I appreciate the opportunity to comment on the notice of proposed rulemaking for Regulatory Capital Rule: Temporary Exclusion of U.S. Treasury Securities and Deposits at Federal Reserve Banks from the Supplementary Leverage Ratio. I am a senior research fellow at the Mercatus Center, a university-based research center at George Mason University. My comments do not reflect the views of any affected party but do reflect my general concerns about the effectiveness of regulation and the associated burden and unintended consequences of regulation. I will briefly summarize the points I will make in response to Questions 1 and 2 posed in the notice of proposed rulemaking and then provide more detail supporting my responses.
Question 1 concerns the advantages and disadvantages of removing Treasuries and deposits at Federal Reserve banks from the total leverage exposure in the supplementary leverage ratio.
Advantages: One potential advantage arises from avoiding calls for a bank to raise capital as a result of banks accommodating the extraordinary measures undertaken by the federal government in response to the COVID-19 pandemic and bank customer asset liquidations.
Also, because I believe capital requirements at the bank subsidiary level work more effectively than at the holding company level in terms of protecting depositors and the deposit insurance fund, I view the potential harm here, in terms of greater risk of financial instability, as less than if the rule change applied at the subsidiary level.
Disadvantages: One disadvantage of the change arises from the fact that the exclusion turns the leverage ratio into yet another risk-based capital ratio by effectively assigning Treasuries and deposits at Federal Reserve banks risk weights equal to zero. I will show, using a simple model of a profit-maximizing bank that’s subjected to both a leverage ratio and a risk-based capital ratio, that as one excludes more Treasuries and reserves from the denominator of the leverage ratio, the bank allocates more toward these assets and allocates less to loans. While that seems to be the aim of the rule change, since loans tend to have among the highest risk weights, the model shows how risk-based capital, rather than the non-risk-based leverage ratio, encourages large banks to substitute away from high-risk-weight assets, such as loans. As people in the United States eagerly await a recovery, regulatory-capital-requirement-related disincentives to hold loans could factor into a slower recovery from the COVID-19 pandemic if the largest banks shift their portfolios away from loans and other banks cannot step in to fill the void. The model also shows that excluding Treasuries and reserves from the leverage ratio also makes banks more leveraged.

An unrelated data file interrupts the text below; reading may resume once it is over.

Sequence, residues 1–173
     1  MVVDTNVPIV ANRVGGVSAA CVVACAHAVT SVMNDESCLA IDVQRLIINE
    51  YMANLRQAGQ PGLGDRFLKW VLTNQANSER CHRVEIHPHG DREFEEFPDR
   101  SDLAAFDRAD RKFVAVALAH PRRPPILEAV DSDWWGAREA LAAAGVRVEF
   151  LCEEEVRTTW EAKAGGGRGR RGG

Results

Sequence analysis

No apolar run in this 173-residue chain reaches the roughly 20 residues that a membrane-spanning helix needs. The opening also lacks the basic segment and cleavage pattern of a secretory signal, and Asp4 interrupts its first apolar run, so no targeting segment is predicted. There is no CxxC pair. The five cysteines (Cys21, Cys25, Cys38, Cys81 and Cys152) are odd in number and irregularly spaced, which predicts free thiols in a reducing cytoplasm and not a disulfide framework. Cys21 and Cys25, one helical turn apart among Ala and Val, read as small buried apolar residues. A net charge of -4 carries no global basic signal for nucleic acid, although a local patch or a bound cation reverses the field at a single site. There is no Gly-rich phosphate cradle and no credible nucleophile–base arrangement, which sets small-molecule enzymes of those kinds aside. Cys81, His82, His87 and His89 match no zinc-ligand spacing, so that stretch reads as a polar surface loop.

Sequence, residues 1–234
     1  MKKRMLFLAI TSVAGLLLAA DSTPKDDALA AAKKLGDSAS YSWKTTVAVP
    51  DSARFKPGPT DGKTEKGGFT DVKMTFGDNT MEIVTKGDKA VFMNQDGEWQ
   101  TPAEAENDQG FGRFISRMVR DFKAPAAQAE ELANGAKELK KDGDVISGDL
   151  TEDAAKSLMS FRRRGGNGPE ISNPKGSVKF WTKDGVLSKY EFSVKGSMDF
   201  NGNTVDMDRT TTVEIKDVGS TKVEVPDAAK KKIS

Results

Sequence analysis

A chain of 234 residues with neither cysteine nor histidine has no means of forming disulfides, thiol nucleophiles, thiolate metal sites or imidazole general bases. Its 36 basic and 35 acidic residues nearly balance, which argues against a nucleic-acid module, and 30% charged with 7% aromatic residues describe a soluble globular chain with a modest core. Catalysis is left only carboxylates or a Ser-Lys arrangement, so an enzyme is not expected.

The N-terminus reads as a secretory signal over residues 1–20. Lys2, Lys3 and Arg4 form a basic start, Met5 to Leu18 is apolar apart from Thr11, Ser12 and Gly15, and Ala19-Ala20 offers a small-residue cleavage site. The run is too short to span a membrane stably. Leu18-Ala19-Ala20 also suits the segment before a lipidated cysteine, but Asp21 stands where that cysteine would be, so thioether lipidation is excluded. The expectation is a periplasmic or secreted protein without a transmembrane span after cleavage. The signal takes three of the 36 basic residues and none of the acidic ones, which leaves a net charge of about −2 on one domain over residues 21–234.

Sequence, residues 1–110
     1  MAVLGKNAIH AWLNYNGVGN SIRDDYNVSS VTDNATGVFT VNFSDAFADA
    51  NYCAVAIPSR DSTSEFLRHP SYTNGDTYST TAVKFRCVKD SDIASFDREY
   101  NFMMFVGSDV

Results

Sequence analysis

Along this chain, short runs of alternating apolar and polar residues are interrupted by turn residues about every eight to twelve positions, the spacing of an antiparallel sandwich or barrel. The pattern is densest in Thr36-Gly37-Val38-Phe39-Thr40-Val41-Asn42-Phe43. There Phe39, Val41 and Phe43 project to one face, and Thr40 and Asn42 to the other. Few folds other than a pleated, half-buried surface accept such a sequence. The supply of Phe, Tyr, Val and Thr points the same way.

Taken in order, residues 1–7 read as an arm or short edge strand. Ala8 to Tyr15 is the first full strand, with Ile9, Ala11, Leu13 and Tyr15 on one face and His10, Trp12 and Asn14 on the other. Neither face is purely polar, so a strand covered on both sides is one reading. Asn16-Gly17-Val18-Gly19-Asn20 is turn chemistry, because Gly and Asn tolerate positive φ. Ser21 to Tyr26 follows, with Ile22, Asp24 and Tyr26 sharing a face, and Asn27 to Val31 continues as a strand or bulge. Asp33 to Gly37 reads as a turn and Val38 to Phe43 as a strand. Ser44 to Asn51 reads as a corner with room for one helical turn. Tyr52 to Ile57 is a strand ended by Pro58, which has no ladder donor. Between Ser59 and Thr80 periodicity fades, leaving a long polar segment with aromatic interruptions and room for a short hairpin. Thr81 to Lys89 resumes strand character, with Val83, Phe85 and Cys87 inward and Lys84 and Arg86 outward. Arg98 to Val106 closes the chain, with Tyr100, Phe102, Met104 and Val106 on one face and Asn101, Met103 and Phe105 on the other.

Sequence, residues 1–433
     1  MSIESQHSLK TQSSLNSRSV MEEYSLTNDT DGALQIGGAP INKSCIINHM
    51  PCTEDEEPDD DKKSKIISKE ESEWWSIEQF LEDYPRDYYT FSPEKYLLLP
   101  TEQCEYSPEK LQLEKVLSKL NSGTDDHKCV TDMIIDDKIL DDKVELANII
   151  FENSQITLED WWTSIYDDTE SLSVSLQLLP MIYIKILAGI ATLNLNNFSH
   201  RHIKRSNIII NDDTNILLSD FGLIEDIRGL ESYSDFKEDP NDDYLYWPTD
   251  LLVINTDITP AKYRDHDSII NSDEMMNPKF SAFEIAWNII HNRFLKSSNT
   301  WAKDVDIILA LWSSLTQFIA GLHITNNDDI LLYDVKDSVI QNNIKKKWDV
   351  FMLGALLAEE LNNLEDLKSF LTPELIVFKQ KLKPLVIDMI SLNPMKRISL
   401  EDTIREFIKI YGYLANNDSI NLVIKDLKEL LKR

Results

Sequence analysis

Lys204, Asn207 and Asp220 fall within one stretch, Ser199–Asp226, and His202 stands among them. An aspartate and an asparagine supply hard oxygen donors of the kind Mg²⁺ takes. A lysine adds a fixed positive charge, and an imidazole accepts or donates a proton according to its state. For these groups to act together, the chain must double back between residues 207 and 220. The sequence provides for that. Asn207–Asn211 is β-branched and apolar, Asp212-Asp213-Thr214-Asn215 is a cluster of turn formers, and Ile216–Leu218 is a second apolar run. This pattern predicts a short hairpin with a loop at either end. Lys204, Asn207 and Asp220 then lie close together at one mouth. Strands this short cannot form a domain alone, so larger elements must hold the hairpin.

Question 2 concerns other assets that could be excluded. Adding more assets to the list of those excluded from the total leverage exposure will make the supplementary leverage ratio even more like the complex risk-based capital requirements— and therefore redundant. If the goal is to limit potential unintended consequences and create regulatory redundancies, the net benefits of making fewer changes likely exceed the net benefits of making more changes.